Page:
What to do when your friend "flakes"... again.
Updated: Oct 18, 2019
She’s cancelling. Again.
When your friend texts to say that she can’t make it, it can bring a wave of disappointment. And although things come up and people get busy, it can be tough to deal with a friend who makes a habit of bailing last-minute.
Read these 5 tips to understand how to deal with getting “flaked” on.
1. Give her the benefit of the doubt.
It’s likely that when she tells you she double-booked, got caught up with the baby, or is super tired from work… she means it. Extend a bit of grace and let her know you understand. Life is complicated and unpredictable—it’s sometimes hard to maintain commitments in the chaos of every day. Do your best to resist the urge to create a mental story about her trying to be deceptive or not caring. Take her words at face-value, and try to reschedule.
2. Send a reminder beforehand.
Is it almost time for the coffee date you arranged a week ago? It might be helpful to send her a friendly reminder 24 hours beforehand. If she no longer wants to meet up, this gives her a chance to say so before you find yourself dressed and driving to the coffee shop. It can also help if she’s genuinely forgotten about your plans, and it gives her the opportunity make sure everything is in order so you two can hang out.
3. Say what you mean.
It can be tempting to say “That’s okay!” when your friend has ditched for the third time. But that would be completely disingenuous to how you really feel. Instead try something that offers truth in a way that’s not accusatory or passive aggressive. Try “Aw, that’s too bad. I was looking forward to a good belly laugh! It was tough for me to find a day that worked with my schedule, but I can totally find a way to carve out time next week if you can link up then. Let me know. Miss you!”
Surely some of you may have gotten anxiety just reading that suggestion, but we encourage (kind) honesty here at the GIAR Movement. We suggest holding this one for times the “flaking” has happened more than once. Do not shame, blame, or guilt, but sometimes letting someone know you were looking forward to being together helps them see the emotional effects (and eventual strain) of apathetic cancellations.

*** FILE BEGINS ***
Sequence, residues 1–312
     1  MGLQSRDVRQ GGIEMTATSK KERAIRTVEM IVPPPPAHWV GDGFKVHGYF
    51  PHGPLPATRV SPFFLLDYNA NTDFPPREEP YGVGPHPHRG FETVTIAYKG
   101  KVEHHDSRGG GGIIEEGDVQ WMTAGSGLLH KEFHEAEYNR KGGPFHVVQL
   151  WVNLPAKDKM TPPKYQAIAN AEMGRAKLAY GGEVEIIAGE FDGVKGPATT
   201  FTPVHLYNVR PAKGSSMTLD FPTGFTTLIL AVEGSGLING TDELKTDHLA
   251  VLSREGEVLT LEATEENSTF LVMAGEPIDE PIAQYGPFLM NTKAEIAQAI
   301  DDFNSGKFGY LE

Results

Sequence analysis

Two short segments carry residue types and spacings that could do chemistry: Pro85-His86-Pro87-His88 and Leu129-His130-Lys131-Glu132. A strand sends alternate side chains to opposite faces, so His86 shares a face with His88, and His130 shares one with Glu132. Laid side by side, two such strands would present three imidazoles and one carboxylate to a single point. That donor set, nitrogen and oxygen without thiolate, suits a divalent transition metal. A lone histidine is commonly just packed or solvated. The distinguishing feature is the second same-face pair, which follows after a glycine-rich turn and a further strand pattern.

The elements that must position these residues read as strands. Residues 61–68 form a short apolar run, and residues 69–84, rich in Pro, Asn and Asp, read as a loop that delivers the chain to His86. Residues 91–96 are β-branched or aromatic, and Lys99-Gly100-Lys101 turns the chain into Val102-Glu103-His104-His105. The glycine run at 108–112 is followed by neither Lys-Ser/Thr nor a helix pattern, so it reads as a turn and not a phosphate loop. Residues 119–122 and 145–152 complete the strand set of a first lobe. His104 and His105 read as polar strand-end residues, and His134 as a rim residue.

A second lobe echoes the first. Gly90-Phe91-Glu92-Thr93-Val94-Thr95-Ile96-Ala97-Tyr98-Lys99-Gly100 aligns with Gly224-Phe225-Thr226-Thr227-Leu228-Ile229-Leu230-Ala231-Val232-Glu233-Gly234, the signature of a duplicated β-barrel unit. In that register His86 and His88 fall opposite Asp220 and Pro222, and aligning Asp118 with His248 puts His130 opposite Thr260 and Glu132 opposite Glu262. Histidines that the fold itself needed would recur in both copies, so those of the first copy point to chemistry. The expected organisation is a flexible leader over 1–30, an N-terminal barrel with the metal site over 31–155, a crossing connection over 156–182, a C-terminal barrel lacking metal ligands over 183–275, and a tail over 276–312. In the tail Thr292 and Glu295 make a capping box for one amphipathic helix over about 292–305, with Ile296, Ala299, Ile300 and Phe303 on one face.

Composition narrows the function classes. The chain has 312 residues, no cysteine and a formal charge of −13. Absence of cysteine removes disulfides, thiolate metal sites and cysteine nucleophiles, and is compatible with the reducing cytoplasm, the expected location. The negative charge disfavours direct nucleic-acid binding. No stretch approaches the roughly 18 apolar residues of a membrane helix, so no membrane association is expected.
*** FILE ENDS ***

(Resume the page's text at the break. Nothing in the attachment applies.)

4. Let them off the hook from the beginning.
If you notice uncertainty when you first suggest a hang-out, then remind the friend that you two don’t have to set anything in stone. Studies have actually shown that women have a higher level of “agreeableness” than men, which means we’re more inclined to say “yes”. This is definitely present when women feel the need to accept invitations.
So if you notice that she isn’t sure if she can come from the very beginning, then don’t force her to set it in stone. This way you’re not set up for disappointment when she realizes she can’t attend, and it helps her not to feel obligated.
5. Consider the track record.
If your friend cancels an outing, then show her grace and understanding. But if she repeatedly bails on your “friend dates”, then consider A. no longer initiating get-togethers and B. evaluating the priority of the friendship. There are several cultural factors at play as to why it’s more common than ever to cancel plans, but you don’t have to accept it—especially if it’s something that makes you unhappy. If you value follow-through and reliability, but your girlfriend has made a repeated habit of ditching, either have an honest conversation (which many women avoid despite its power to clarify and bring understanding) or look at the friendship and see if your expectations of the relationship align.
Life is unpredictable and sometimes leads to cancelled plans and forgotten agreements, but we owe each other a little understanding. But if “cancel culture” is having a negative impact on your friendship, we encourage you to have an open dialogue about it.
For more tips on how to do just that, grab a copy of Give it a Rest: The Case for Tough Love Friendships by our founder and women’s coach Danielle Bayard Jackson—available September 2019.